A350 program update: EIS date set (sort of); ambiguity over -800; talk of a -1000 stretch

Airbus provided a program update Monday to the international media. Here are links to initial stories.

Airchive: Airbus sees shift toward 250-300 seat aircraft. Airchive reproduces some of the illustrations Airbus presented. Airchive reports the planned EIS for September 2014 (as does the headline Aviation Week article below) but adds that EIS could slide to November or December. (We have it for early 2015.)

Aviation Week: September 2014 EIS targeted.

Bloomberg: Airbus will eventually seek certification with lithium batteries.

Bloomberg’s story has a couple of important points:

  • While multiple -800 customers have moved to the longer A350-900, Airbus still has outstanding orders for 89 units and will build the plane if customers want it, Evrard said. He gave no indication when production of the -800 versions may begin. (Emphasis added.)
  • Evrard said stretching the A350-1000 by adding panels to make the fuselage longer for additional passengers would be perfectly feasible from a technical point of view.“Stretching further is possible, there are no show-stoppers, but today it’s still in the pre-concept phase” he said.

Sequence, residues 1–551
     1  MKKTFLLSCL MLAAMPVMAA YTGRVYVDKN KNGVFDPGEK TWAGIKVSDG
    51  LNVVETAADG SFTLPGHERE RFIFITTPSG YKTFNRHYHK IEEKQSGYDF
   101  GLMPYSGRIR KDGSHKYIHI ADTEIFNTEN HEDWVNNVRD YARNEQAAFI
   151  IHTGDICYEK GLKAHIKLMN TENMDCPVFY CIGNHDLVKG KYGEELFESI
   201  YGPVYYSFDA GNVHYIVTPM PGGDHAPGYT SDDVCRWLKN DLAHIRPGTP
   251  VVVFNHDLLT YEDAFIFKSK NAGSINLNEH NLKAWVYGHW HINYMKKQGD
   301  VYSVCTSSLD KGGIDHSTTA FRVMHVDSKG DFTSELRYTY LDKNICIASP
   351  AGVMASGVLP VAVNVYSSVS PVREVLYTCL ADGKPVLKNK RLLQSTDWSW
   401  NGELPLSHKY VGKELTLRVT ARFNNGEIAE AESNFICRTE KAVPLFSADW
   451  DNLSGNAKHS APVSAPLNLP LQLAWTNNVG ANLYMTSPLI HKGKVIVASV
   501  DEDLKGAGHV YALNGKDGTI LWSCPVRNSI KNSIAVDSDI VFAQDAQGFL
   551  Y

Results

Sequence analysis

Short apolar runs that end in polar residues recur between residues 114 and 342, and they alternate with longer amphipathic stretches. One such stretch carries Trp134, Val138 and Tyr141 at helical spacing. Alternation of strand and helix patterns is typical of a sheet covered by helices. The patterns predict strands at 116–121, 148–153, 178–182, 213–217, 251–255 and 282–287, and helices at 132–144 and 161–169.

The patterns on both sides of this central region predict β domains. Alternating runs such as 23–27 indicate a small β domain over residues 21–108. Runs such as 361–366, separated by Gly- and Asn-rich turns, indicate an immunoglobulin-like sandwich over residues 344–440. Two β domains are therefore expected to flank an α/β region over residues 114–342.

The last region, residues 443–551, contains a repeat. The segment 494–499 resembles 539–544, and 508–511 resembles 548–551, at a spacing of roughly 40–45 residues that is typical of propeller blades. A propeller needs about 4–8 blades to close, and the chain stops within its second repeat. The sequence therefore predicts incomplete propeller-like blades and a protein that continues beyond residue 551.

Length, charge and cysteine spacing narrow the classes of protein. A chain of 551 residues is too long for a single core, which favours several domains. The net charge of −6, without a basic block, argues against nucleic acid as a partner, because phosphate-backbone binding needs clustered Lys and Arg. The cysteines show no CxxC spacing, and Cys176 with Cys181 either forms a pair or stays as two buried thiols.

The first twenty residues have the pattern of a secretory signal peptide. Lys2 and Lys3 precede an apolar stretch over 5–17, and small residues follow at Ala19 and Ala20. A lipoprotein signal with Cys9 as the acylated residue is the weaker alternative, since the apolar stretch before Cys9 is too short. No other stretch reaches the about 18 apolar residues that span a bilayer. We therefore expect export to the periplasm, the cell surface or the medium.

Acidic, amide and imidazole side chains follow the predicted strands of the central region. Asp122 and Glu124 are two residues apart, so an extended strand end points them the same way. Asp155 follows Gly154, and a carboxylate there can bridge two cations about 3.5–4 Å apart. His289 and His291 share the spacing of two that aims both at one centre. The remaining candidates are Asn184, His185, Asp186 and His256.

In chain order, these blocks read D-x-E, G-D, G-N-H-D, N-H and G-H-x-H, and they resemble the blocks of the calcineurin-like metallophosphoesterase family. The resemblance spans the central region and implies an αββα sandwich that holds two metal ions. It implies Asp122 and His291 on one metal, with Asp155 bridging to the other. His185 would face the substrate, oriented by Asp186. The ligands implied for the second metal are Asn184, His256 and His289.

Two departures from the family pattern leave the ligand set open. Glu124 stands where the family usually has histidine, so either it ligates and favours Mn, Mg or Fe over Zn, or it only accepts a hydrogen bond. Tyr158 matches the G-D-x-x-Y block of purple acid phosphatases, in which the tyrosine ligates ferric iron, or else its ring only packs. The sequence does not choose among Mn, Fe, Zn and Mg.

On the first point, we previously reported that a change in production sequence was likely coming. An Airbus spokesperson denied it, but the comments above at the briefing certainly infer otherwise.

On the second point, Evrard’s comments about stretching the -1000 are, in our view, significant. We reported last night in our interview with Airbus Americas Chairman Allan McArtor that Airbus was looking at this hypothetical, though no internal proposal had been made. Still, it’s clear to us that Airbus is giving solid consideration and we predict that eventually will proceed.

The Airchive report of a market shift toward the 250-300 aircraft is also significant. With continued trends toward upgauging, this will soon shift to 300-350 and then to 350-400. The corollary is that the Very Large Aircraft sector continues to shrink.